3.Chippewa Boots - They are classic boots that are broken-in so I can wear them for almost any occasion. They will last forever and I will wear them til' my feet fall off.

Marco Simonetti :

1.Grenson Archie Brogue - Because they are the perfect mix between smart and casual. Really versatile and easy to wear.

2.Vans Van Doren Era / Maroon Hawaiian - That is a revisited classic to me, and I love the vintage flower print on this limited edition.

3.Nike Free Inneva - I like the hand-woven upper concept and how the laces are interconnected with the nylon webbing. Very comfortable and I can wear them for almost every occasion.


KZ- How long have you been in the footwear industry?

M.B.- I Went to Monfort University in the UK, in 2005 and graduated in 2008. I worked for New
Balance for a year doing there tier 1 and 2 products. I moved to GSTAR-RAW and have been
here since 2009, so on a whole around 5 years in footwear.

KZ- G-Star has a unique style. Was it difficult to adapt to their style or you were already a
customer before applying?

M.B.- I was mainly a sports footwear designer, and worked on only sports classics and retro styles at
New Balance. Now, because of G-Star, due to the crossover of different styles in the range we
have, I work on men's formal footwear to military boots, and also sports footwear, from Vulcs to
Cup Soles.

The general style of working is to try and create classic footwear with a twist on G-star's DNA,
using the best denims and other top class fabrics.

KZ- Are you working alone or is there a whole team developing the footwear line?

M.B.- I work alongside a team of 5 amazing designers, all from different backgrounds and we work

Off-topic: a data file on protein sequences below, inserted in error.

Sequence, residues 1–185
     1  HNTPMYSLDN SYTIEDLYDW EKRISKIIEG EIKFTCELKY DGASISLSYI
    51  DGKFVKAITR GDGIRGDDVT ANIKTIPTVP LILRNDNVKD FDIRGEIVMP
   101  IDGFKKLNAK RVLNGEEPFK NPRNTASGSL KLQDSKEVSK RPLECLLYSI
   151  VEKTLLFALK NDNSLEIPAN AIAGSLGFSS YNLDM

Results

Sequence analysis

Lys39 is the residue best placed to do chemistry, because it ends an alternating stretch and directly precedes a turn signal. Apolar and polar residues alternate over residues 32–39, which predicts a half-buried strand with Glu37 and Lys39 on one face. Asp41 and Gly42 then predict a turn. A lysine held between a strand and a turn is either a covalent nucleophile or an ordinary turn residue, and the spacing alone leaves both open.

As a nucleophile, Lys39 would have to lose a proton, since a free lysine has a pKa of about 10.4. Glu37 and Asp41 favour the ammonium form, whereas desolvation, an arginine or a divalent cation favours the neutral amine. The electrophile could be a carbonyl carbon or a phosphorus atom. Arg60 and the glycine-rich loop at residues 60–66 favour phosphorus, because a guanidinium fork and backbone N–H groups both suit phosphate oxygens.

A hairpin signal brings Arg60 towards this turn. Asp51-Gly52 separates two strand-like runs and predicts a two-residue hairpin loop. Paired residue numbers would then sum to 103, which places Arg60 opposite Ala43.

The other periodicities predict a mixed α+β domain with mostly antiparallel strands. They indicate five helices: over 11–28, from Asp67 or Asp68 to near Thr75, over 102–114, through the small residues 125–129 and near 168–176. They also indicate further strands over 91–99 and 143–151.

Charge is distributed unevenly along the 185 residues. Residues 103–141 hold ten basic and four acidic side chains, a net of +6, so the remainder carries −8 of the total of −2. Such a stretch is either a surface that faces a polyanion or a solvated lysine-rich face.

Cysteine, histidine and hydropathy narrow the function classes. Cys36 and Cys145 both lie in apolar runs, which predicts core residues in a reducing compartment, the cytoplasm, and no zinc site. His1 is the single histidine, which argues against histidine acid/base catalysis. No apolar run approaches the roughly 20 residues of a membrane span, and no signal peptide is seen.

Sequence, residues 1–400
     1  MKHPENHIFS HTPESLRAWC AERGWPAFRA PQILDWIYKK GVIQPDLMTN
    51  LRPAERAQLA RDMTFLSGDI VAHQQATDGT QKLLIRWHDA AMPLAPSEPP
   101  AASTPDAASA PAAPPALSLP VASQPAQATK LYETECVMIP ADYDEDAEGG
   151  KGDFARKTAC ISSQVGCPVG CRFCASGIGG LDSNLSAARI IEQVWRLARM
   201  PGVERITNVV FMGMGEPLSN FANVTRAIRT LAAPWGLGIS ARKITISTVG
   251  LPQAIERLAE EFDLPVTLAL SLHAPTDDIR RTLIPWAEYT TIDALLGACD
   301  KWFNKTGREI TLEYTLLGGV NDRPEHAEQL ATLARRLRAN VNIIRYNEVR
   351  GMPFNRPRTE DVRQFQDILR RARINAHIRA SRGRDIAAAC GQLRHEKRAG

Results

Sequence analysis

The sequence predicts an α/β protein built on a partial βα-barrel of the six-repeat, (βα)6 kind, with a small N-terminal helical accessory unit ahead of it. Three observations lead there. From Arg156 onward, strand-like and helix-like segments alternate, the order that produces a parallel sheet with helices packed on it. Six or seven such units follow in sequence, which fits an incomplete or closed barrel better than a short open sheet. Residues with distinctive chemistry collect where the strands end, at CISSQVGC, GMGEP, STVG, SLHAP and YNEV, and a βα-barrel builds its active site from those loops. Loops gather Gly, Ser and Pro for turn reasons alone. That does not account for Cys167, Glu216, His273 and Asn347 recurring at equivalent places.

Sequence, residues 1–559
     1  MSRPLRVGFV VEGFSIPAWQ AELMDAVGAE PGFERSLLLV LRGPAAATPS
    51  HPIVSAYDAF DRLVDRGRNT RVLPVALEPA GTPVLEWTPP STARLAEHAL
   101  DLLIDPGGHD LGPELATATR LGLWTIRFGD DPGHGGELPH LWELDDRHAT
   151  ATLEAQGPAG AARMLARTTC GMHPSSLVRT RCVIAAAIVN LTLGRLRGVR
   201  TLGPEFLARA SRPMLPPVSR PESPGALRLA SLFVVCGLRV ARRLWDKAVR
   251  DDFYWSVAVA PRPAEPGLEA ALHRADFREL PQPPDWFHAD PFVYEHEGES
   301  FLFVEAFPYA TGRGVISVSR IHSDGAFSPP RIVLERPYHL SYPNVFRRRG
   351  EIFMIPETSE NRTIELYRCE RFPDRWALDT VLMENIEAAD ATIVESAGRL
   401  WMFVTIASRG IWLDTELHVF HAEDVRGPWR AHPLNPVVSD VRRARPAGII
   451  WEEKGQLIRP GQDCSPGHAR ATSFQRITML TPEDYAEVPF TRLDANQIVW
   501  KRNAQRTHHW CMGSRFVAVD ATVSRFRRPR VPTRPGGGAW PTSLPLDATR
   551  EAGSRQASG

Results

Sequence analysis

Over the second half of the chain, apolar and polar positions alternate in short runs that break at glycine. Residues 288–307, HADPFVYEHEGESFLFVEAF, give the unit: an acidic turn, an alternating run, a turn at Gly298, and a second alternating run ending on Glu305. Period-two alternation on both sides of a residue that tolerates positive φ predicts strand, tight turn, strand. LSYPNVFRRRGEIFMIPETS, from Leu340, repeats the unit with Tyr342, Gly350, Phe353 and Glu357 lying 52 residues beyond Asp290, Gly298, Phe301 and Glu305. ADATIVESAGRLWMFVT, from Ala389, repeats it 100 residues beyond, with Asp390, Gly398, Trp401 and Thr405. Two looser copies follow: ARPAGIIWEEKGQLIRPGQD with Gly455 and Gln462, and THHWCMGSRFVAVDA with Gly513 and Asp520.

very close together. From step 1 to the final collection.

KZ- Are you also involved in the clothing line or is it two separate teams?

M.B.- The clothing line has a massive influence on the range, from color, logos and general style
direction from clothing. All of these factors along with keys footwear trends. But the clothing is
designed from a separate team based in Amsterdam.

KZ- Entering the market, did you feel your studies in footwear prepared you well for every aspect
of the job?

M.B.- Yes and No. It gave you a decent insight into how to make footwear and how to design
footwear, and the terminology of the footwear world. But working 9 to 5, as a designer, you will
learn 100 times more in a year than you will 3/4 years at university.

KZ- When travelling, what do you look for? Do you shop for anywhere else than the footwear
stores to get inspired?

M.B.- When doing research trips, I don't like looking at shoes. I like looking at people, fabrics, clothing
and the place I'm visiting. I think going places and going into stores works fine if you’re looking
at the construction of shoes and maybe fabrics and color.

I find Berlin is the place for vintage sports footwear, London for vintage boots, Istanbul for Color,
Paris for fashion and women's shoes and Tokyo for crazy shit you won't find anywhere else. If
you’re doing a trip in Europe, do London, Paris, Berlin and finish in Istanbul. That gives you a